The Calculus of Carnage
Born and raised in Salt Lake City, Utah, Jason Christopher Hartley is a member of the New York Army National Guard. After serving at Ground Zero following the 9/11 attacks, Hartley was stationed in Iraq, where he maintained the controversial blog Just Another Soldier until he was forced to stop by his commander. He is the creator of "Surrender," a play based on his wartime experiences, as well as the author of the book "Just Another Soldier: A Year on the Ground in Iraq."
Question: Did you follow news and debate about the war?
Jason Christopher Hartley: I think in a lot of ways we don’t know so much what is going on. I mean we did read a fair amount of news. Well I should say, myself and a lot of my friends we would read a lot of news, but not really that much, and then what we experienced while we’re there is so… It’s like really the whole forest and the trees thing, where we could tell you a lot about our specific missions or anything like on a tactical level, but as far as like kind of more overarching, big-picture type stuff, I would… You back in America watch the news and probably have a better grasp of what is going on big picture-ish than we would have definitely.
Question: How many good guys do soldiers kill for every bad guy?
Jason Christopher Hartley: Well yeah, that’s kind of the drag and I guess really kind of the standard thing with combat is in my area roughly speaking every time… anytime there was any kind of engagement there would… and this is by my own non-scientific count. There would usually be about one combatant killed for three non-combatants killed, and by combatant I mean like good guy, bad guy, you know, insurgents, coalition forces. So the shooting starts, maybe a couple of combatants go down, tons of women and children get blasted in the process, which I think is… I don’t know. In my humble opinion, I think it’s kind of a statistic that isn’t looked at often enough. Combat is great and everything, but if you’re there ostensibly to help a people, but in the process of helping them you’re kind of like killing all of them. You know, it’s maybe someone should look at that more closely. Paul Rykoff, the executive director of IED, had a kind of a really good way of putting it, is that we’re creating enemies more quickly than we can kill them because you… You know you go into someone’s home. You kind of accidentally kill a lot of people. That’s never a good thing. You know you’re making enemies a lot faster than you’d like.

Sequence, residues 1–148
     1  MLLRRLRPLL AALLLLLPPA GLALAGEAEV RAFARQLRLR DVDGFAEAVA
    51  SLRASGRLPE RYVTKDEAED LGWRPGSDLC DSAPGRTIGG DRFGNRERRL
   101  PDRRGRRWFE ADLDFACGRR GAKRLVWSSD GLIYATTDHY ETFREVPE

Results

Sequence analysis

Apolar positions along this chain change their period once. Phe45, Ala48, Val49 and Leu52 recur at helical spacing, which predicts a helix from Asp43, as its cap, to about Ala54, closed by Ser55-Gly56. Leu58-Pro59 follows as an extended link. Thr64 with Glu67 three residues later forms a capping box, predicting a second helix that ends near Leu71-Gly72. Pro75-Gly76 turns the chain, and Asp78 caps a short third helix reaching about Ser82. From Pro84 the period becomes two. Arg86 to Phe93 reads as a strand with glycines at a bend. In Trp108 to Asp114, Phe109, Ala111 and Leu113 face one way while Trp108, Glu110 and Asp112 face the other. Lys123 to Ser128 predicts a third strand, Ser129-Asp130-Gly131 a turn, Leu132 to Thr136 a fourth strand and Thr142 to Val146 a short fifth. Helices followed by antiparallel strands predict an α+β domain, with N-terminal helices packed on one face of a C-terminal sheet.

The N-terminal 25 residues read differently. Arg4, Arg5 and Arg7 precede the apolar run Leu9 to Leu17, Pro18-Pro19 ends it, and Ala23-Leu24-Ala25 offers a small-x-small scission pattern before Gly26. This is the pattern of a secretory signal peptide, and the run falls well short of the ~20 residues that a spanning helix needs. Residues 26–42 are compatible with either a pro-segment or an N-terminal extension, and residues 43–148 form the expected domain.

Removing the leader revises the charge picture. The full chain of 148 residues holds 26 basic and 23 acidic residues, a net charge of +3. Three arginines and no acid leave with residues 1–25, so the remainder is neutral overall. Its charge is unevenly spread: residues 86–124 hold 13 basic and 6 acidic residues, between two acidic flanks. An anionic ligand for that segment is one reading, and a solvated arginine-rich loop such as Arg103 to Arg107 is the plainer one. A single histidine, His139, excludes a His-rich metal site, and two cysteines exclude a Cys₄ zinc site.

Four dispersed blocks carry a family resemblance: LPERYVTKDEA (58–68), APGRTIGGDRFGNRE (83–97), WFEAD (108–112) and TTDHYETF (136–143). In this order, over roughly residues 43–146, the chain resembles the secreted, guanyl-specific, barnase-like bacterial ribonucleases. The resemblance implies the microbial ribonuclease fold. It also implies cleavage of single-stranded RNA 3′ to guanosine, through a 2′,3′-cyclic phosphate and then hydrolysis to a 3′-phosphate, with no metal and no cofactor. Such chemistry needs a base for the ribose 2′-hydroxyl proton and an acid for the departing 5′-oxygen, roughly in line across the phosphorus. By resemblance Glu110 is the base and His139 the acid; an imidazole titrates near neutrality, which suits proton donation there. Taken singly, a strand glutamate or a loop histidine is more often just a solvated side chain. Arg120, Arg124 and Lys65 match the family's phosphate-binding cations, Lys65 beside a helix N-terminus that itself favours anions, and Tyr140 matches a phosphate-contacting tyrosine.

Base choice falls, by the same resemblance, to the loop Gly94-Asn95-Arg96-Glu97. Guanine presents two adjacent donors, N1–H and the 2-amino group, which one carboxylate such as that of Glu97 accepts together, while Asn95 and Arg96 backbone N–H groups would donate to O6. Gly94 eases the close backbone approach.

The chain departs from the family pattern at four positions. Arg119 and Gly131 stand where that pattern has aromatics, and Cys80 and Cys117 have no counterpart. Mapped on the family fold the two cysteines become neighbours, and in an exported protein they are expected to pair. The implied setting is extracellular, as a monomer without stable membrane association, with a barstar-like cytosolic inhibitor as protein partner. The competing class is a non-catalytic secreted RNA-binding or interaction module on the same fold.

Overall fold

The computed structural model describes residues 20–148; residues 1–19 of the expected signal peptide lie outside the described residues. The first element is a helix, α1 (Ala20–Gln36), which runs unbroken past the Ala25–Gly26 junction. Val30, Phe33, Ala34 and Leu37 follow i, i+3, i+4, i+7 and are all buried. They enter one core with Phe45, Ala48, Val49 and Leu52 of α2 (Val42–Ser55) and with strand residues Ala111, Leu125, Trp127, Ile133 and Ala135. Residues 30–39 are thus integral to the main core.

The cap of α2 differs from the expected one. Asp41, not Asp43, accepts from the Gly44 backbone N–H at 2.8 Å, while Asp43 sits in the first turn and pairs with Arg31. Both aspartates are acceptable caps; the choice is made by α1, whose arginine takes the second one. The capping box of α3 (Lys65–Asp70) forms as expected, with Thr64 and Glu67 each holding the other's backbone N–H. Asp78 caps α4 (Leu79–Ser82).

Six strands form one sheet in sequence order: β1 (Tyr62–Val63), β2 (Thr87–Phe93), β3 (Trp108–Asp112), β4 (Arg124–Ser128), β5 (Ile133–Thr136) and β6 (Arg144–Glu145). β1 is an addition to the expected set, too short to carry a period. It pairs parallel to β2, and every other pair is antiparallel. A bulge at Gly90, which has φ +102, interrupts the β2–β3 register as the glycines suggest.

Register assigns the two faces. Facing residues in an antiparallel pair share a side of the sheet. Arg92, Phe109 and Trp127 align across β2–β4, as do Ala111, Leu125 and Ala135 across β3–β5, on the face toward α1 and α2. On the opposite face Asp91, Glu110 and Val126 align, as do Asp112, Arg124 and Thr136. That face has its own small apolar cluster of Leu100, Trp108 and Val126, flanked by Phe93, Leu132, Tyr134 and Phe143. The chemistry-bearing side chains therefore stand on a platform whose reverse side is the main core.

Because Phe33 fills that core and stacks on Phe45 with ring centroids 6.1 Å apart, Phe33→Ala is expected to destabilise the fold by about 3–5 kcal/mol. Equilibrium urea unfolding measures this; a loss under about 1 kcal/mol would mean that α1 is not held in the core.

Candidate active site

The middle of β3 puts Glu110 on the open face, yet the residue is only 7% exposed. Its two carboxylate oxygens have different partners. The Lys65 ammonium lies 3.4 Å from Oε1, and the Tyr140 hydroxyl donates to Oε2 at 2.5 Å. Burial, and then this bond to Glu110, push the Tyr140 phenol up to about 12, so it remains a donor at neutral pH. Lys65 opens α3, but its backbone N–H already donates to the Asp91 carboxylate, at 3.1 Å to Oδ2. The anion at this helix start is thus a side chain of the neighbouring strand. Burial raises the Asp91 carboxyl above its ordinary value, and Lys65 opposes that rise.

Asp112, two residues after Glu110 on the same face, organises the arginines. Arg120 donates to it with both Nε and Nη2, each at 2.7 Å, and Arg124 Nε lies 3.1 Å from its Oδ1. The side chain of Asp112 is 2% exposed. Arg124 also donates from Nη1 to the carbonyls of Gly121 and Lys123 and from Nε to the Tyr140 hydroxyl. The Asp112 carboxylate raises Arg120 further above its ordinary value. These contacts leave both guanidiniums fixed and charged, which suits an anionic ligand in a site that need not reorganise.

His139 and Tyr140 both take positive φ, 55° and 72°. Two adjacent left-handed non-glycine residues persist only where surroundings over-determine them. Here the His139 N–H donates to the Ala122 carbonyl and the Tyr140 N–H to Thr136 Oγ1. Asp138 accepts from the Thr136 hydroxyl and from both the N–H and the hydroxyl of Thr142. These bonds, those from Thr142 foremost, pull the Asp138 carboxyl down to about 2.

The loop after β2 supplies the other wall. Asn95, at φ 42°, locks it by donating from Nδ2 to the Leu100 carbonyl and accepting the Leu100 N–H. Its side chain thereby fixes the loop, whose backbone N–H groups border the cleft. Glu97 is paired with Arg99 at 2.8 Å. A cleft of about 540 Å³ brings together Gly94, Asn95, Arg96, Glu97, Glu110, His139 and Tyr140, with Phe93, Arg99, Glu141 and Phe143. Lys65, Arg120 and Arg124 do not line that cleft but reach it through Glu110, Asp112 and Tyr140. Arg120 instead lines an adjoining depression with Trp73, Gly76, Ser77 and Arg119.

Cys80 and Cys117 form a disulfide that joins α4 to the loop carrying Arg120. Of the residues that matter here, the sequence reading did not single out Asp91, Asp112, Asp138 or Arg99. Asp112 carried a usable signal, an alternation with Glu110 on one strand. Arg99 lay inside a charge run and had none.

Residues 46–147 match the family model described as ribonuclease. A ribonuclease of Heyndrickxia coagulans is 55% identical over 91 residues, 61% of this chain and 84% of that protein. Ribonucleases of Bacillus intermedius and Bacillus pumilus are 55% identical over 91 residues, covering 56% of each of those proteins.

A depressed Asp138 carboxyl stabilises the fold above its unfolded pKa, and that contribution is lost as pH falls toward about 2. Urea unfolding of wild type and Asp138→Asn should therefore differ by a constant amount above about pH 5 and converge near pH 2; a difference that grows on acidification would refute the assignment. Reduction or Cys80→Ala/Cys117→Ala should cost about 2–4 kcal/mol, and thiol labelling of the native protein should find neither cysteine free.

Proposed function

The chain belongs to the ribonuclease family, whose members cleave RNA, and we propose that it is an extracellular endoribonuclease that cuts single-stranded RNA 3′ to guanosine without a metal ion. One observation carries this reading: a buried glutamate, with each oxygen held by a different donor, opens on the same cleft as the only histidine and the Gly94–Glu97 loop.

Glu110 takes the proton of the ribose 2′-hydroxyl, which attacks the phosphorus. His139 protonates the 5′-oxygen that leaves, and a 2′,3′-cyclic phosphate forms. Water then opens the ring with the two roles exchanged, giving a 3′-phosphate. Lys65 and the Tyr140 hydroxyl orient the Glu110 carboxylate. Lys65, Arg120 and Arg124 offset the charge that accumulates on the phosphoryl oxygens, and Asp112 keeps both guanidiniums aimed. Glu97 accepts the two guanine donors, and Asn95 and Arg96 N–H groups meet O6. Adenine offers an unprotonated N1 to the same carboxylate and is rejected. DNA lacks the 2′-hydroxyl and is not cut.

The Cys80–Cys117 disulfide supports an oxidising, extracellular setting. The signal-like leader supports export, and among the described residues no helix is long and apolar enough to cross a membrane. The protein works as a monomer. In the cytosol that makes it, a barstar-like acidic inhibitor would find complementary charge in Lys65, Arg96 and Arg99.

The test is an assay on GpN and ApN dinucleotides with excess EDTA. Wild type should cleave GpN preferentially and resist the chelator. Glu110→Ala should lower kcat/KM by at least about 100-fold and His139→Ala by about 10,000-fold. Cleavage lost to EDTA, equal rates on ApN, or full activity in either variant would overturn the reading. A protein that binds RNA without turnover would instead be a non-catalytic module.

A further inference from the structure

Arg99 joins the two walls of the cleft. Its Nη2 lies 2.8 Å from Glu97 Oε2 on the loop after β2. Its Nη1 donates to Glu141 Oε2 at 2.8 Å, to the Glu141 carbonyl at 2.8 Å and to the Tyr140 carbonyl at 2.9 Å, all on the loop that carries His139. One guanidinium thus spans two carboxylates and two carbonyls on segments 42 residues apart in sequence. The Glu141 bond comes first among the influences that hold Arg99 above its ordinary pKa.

An Iraq veteran reflects on the disturbing ratio of enemies to innocents killed in combat.
Here's the science of black holes, from supermassive monsters to ones the size of ping-pong balls.
- There's more than one way to make a black hole, says NASA's Michelle Thaller. They're not always formed from dead stars. For example, there are teeny tiny black holes all around us, the result of high-energy cosmic rays slamming into our atmosphere with enough force to cram matter together so densely that no light can escape.
- CERN is trying to create artificial black holes right now, but don't worry, it's not dangerous. Scientists there are attempting to smash two particles together with such intensity that it creates a black hole that would live for just a millionth of a second.
- Thaller uses a brilliant analogy involving a rubber sheet, a marble, and an elephant to explain why different black holes have varying densities. Watch and learn!
- Bonus fact: If the Earth became a black hole, it would be crushed to the size of a ping-pong ball.
Protected animals are feared to be headed for the black market.
In a breakthrough for nuclear fusion research, scientists at China's Experimental Advanced Superconducting Tokamak (EAST) reactor have produced temperatures necessary for nuclear fusion on Earth.
- The EAST reactor was able to heat hydrogen to temperatures exceeding 100 million degrees Celsius.
- Nuclear fusion could someday provide the planet with a virtually limitless supply of clean energy.
- Still, scientists have many other obstacles to pass before fusion technology becomes a viable energy source.
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